LWV: What in your education and experience make you the best qualified candidate for this position?

Dr. Duvall: My focus of interest and research is "The Future f Libraries."I have conducted workshops to teach librarians and others a process to recognize trends, identify signals for change and apply the process to the values of their unique institution. I have conducted workshops in the USA (in conjunction with the ALA Center for the Future of Libraries), in India and in Belarus.

I was awarded a Senior Fulbright Fellowship to study the future of libraries in India. My dissertation, awarded by the AASA for excellence in educational research, centered on the effects of the working relationship between the board and the executive on the goals and outcomes of the organization. I have served 20+ years as a professional librarian, including as Director of Secondary School Libraries for AAPS. I hold a degree in Library Science and a doctoral degree in educational leadership. I am dedicated to the nationally recognized excellence of our community library system.

LWV: What are your goals should you be elected and how will you work to accomplish them with current resources?

Dr. Duvall: As a former business CEO, I am well versed in the processes and practices of responsible fiscal oversight, which is one of the duties of an elected trustee. I propose to serve on the Finance Committee.

I recognizes that the Ann Arbor District Library is one of the finest public library systems in the United States. As a trustee I sees my duty as to look at the big picture including modernizing the facilities, staying current with technology, and coordinating with other library systems, in Ann Arbor, the State of Michigan, across the country and in other countries, in order to maintain a forward-thinking dynamic attitude throughout the AADL organization.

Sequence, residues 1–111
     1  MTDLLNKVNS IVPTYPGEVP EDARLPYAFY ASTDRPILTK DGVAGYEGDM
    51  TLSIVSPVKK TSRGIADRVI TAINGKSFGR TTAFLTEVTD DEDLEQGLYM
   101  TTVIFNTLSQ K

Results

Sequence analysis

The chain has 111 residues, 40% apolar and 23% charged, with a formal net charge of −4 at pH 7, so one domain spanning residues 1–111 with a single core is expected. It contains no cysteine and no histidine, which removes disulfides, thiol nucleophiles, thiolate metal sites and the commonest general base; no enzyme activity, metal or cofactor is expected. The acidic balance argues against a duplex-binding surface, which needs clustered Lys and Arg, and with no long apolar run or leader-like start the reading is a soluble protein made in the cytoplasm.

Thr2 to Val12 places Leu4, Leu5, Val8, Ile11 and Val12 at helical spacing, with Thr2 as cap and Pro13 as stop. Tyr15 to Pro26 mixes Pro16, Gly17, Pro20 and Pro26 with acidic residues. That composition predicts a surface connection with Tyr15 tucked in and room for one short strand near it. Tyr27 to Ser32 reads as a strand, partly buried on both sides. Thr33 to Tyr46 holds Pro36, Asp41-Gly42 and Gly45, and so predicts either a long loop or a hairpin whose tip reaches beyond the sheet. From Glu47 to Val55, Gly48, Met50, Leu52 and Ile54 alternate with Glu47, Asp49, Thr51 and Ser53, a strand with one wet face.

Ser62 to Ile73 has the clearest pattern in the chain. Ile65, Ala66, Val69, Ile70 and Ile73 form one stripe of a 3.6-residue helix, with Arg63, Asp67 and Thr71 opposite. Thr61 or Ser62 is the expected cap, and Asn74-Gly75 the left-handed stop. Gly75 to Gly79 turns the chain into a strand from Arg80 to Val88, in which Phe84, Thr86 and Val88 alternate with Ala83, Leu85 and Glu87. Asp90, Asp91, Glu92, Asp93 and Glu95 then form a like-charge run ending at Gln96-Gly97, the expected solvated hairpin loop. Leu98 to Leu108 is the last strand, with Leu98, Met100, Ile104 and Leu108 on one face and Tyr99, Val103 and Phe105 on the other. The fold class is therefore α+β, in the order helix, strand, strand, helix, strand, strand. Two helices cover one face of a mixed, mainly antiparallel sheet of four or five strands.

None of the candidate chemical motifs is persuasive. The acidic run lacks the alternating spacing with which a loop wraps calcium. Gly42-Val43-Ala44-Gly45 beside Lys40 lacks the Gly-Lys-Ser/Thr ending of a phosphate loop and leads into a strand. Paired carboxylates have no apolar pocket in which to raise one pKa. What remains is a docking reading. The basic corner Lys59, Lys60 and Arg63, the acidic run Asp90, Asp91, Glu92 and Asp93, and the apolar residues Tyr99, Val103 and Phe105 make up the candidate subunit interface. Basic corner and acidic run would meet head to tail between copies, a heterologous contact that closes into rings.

I plan to work collaboratively with a wide variety of library patrons, community leaders, ALA futurist thinkers, and my international network. I have found that solutions and good suggestions arise from an atmosphere that treasures information and ideas from unexpected places.

LWV: What is the greatest challenge facing the library today?

Dr. Duvall: The international community of library advocates agrees that the dominate issue in the coming decades for libraries of all kinds is free and open "access." The AADL must participate in forward-thinking conversations with other organizations that are considering like issues. The AADL should participate on the cutting edge of these conversations, and in fact, provide leadership to help define what "access" should look like across all levels of libraries, services and programs as the demands shift to meet the times. That is the big picture.

In Ann Arbor specifically, the strains of change for AADL come with the population shift from outlying development to a focus on downtown population growth. The AADL has responded to peripheral development with an excellent net work of modern, responsive branch libraries. In the next few years the focus needs to shift to the downtown facility, services, programs and a volume of public access never before needed in our downtown library.

LWV: In an age where more and more information is found online, how does a library stay relevant?

Dr. Duvall: The most impactful aspect of relevance is visionary leadership. AADL has recently hired a new director who is nationally recognized for his cutting-edge vision. I am looking forward to joining him in strategic thinking with a future focus.

More specifically, AADL is relevant if it can provide free and open access to all avenues of information and services to people of all income levels. Where else can an aspiring but poor woodworker simply check out publicly available tools, or attend a free workshop, or use a computer? Providing access to whatever the new technology might be is the key to relevance.